Wei Ying walks silently around the room for another minute, letting them practice. Lan Wangji has not moved from his spot in the center of the room except to turn, keeping Wei Ying in his sight like they’re tidally locked. 

“Right,” Wei Ying says at last, very quietly. “Let’s go back to the dance again, and we’ll try it with music. Stay with your same partner, let’s see how this goes.”

It’s still not great, but it’s better. Toes get stepped on, and there are collisions, but it’s all accompanied by little squeaks of laughter and whispers of, “Okay, it’s okay, try again.” That’s… a marvel. Usually the students are stiff and silent, obedient and disciplined. Right now they sound like they’re having fun.

The person having the most fun is Wei Ying, of course. He shouts criticisms with increasing confidence, as if it really is his class, and they really are his students. And maybe they feel like they’re his too, because even when he starts threatening to break their legs if they don’t get it together, most of them only laugh and correct themselves rather than wasting any time apologizing. 

Sizhui, do you wanna die?” Wei Ying bawls from across the room. “I’m going to come over there and murder you unless you start meaning it.” 

“What does that even mean?” Jin Ling howls back, dropping his frame and stepping away from Sizhui to yell at Wei Ying. He’s the only one who’s had his feathers ruffled by Wei Ying’s criticisms.  “I don’t know what I’m doing to mean it, he doesn’t know what he’s doing to not mean it, whatever ‘mean it’ means! Why don’t you start explaining instead of just yelling at us?”

“You just mean it,” Wei Ying says vaguely, with a broad gesture of his stick. “You know?”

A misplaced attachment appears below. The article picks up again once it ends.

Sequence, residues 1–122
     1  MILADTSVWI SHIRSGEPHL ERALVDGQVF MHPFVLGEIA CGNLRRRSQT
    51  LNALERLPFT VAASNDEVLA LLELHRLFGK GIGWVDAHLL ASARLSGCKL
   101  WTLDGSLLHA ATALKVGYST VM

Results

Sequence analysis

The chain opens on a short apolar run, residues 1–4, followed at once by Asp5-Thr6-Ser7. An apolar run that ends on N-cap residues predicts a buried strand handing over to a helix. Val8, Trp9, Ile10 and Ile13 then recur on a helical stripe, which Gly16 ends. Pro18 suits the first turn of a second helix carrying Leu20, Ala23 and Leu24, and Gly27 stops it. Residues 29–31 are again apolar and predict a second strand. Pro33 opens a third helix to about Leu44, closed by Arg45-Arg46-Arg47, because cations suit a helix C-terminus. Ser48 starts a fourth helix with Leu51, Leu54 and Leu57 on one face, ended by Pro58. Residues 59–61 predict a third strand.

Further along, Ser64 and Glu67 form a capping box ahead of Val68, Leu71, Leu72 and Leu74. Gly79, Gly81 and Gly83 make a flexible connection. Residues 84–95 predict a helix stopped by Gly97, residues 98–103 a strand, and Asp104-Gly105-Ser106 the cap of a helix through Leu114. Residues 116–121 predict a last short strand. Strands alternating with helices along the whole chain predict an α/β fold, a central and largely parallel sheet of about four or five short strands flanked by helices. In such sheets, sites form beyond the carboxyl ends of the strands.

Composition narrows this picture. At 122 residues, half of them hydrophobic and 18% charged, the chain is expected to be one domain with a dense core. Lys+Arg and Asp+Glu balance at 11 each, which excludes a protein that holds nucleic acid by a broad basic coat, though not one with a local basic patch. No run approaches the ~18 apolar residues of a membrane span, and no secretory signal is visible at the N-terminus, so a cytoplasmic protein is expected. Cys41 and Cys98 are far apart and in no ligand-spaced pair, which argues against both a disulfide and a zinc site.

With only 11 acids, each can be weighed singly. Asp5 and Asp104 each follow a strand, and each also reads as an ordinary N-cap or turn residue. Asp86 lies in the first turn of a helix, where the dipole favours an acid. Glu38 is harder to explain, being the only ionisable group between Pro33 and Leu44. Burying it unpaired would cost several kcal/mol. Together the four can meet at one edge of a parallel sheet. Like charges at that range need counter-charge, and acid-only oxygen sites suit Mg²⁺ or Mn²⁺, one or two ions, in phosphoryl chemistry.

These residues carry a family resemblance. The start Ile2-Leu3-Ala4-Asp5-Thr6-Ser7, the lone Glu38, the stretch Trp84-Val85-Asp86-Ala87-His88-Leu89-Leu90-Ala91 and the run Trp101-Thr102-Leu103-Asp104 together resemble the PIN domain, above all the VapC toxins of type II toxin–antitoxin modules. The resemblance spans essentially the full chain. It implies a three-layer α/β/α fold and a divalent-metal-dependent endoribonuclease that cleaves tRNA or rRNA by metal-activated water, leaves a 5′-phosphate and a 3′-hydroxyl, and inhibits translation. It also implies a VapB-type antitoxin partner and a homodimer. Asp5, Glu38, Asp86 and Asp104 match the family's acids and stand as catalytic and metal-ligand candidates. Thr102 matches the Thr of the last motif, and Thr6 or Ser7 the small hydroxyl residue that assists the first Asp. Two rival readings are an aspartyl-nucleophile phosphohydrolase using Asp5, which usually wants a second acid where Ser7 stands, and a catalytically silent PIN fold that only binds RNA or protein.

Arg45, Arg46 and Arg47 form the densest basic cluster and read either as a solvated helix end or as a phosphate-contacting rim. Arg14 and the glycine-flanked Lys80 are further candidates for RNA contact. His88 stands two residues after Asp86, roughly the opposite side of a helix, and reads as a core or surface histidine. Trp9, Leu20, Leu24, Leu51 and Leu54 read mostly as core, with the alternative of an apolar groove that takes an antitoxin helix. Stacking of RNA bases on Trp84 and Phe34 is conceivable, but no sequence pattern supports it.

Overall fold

“No!” Jin Ling shrieks. “That’s the point!”

“Right, okay,” Wei Ying says, tapping the stick on the ground and scratching the back of his head. He crosses to the sound system and pauses the music. “So. You’re dancing, right? Right?”

“Yeah,” Jin Ling says, still challenging. “Then what?”

“And then,” Wei Ying says, and pauses dramatically. “You just... mean it.”

Jin Ling nearly tears his hair out. Sizhui puts a hand on his shoulder, murmuring something to him under his breath. 

“You mean it really hard,” Wei Ying says, looking thoughtfully upward. “Like… You know? You know how sometimes you’re doing a thing, and you just really, really mean it? Like that.”

Lan Wangji knows exactly what he means, but this is also a ridiculous explanation that nobody should be expected to follow. It is something of a relief to know that Wei Ying is merely a very good teacher, rather than a complete savant at it. He’s just about to step in and quietly get the class back on track when Jin Ling says, “How can you call yourself a teacher if you can’t even show us what you’re talking about?” 

“Oh!” Wei Ying says, lighting up. “Yes, I can show you.”

He restarts the music, drops his stick with a clatter and crosses the room to Lan Wangji in a few strides, just enough time for Lan Wangji to think oh noand brace himself. Wei Ying steps into close embrace, wrapping an arm all the way around Lan Wangji’s shoulders, tucking his face against Lan Wangji’s neck and ear, pressing their chests together. He’s positioned himself as the follow. 

“Lead,” he whispers.

For a split second, Lan Wangji isn’t sure he can do this. Wei Ying doesn’t know the magnitude of what he’s asking for. Thirteen years he’s been waiting on Wei Ying’s promise. Thirteen years of wondering and missing him and feeling cold and empty and alone, with no light left in the world. And now here Wei Ying is in his hands, and Lan Wangji barely dares to touch him. Like a bird, he hears Wei Ying’s voice echo in his head. Like a treasure of thin jade. Lan Wangji knows exactly what he means with that too.

He doesn’t know if he can do it, but then he does it.

This, too, is effortless--Wei Ying is as good of a follow as he is a lead, if not better. Lan Wangji barely has to cue him. It’s like telepathy, like Wei Ying knows where Lan Wangji wants him to go, and he’s moving there the same nanosecond that Lan Wangji directs him. Lan Wangji can feel Wei Ying’s heart beating against his chest, can feel their breath syncing as they move across the floor in simple figures. Nothing complicated or showy, and Wei Ying is barely adding any embellishments or flourishes.